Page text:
We could advocate economic sanctions and foreign aid as easily as we advocate various immigration laws, I'm guessing.

Sadly, I think the government IS listening to the citizens here, they just don't agree with you and me.


Who thinks that "undocumented worker" is ok, she guesses.

Anonymous said...

Undocumented worker? Did you read the whole paper about it? Have you read any of Lakoff's books?
"undocumented worker" keeps the problem focused on the workers, but a big part of the problem is the businesses that hire them, and that phrase cuts that part of it out. Another part is our governments policies. Another part is minimum wage. Another part of it is that American companies actually advertise in Mexico encouraging workers to come here illegally -- why shouldn't they be responsible for that? And then there's the issue of what the heck is Mexico doing about all this, if anything? The point of framing is that the words you use shape the answer you come up with. It's more than spin.

Chalicechick said...

I don't see how "refugees" in any way puts the focus on US businesses, either. The whole point of the phrase "economic refugees" is to put a melodramatic spin on the poverty the average non-legal worker faces. I have some sympathy for that, but nothing about the phrase suggests American businesses are doing anything wrong. If anything else, it implies that American businesses are heroically shetering the refugees.

It seems to me that the solution for businesses is to use the laws we have and crack down. I think the advertisements in Mexico are best used as a guide for which companies to scrutinize. There's not much we can do to get them to take them down other than to catch them at it and fine them so heavily that hiring these folks isn't profitable. (That won't do a damn thing for the workers' quality of life, of course, which is why I think just about anything we do in America is a band-aid)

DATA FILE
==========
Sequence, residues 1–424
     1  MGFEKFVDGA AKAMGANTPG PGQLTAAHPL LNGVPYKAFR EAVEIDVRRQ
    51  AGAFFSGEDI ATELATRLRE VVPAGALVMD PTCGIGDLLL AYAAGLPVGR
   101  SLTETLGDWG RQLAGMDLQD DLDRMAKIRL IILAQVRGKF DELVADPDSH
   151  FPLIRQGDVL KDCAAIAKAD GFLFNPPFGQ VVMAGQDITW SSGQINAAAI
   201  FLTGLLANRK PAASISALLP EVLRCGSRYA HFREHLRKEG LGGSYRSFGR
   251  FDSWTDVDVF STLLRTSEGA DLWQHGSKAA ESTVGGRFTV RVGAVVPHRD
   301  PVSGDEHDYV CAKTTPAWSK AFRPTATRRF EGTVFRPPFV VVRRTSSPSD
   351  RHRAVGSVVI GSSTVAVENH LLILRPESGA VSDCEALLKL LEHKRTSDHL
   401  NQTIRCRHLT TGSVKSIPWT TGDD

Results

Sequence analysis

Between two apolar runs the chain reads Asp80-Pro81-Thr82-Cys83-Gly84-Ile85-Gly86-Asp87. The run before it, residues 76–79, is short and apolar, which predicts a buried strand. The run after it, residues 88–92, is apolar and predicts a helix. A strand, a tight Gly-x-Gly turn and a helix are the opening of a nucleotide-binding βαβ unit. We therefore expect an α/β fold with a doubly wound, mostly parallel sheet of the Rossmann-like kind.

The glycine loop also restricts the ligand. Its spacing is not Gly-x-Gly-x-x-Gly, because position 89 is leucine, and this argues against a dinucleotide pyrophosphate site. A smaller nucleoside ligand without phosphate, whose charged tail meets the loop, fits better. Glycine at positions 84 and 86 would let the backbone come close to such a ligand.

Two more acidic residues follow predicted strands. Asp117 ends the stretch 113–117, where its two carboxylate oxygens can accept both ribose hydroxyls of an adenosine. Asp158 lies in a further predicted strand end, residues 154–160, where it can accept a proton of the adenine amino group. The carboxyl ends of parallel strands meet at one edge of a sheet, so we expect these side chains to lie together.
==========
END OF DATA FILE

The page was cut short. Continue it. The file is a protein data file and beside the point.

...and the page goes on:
I'm not sure how the minimum wage is the problem. The illegal construction workers here make about $15 per hour, well above the minimum wage in VA. A guy I know wanted some guys to do some landscaping at his house and went to the parking lot where our local bunch of non-legal workers hang out. Nobody would look at him for less than ten bucks an hour.

AS for "The point of framing is that the words you use shape the answer you come up with," all I can say is that the point of spin is exactly the same.

Note how "Youthful indescretion" sounds a lot less threatening than "drunk driving arrest."

WOuld that be spin? Framing?

I'd say both.


Anonymous said...

"economic refugees" doesn't point to businesses that hire them, but it also doesn't cut them out of the equation the way the "immigrant" collection does. If you can improve on "economic refugees", that's fine. The consensus of people who work with the subtle meanings of words for a living is that "undocumented worker" isn't better.
OK, the difference between "spin" and "framing" is that when you call it spin you sound condescending and superior, like you don't approve of it, and you're "above" it. Whereas, when it's called "framing" it has some utility and scientific backing. So, the difference is the "spin" on the words. But, it still means something: it's much like the people who, when you ask how they are, in the common ritualized way of meaning a bit more than hello, but nothing personal, will not answer "fine" because it isn't strictly honest -- i.e. they don't get the meaning of the ritual is indeed the ritual rather than the literal meaning. That position may be factually true but misses the point, and is an immature and naive viewpoint. (I used to have that viewpoint myself, long ago.)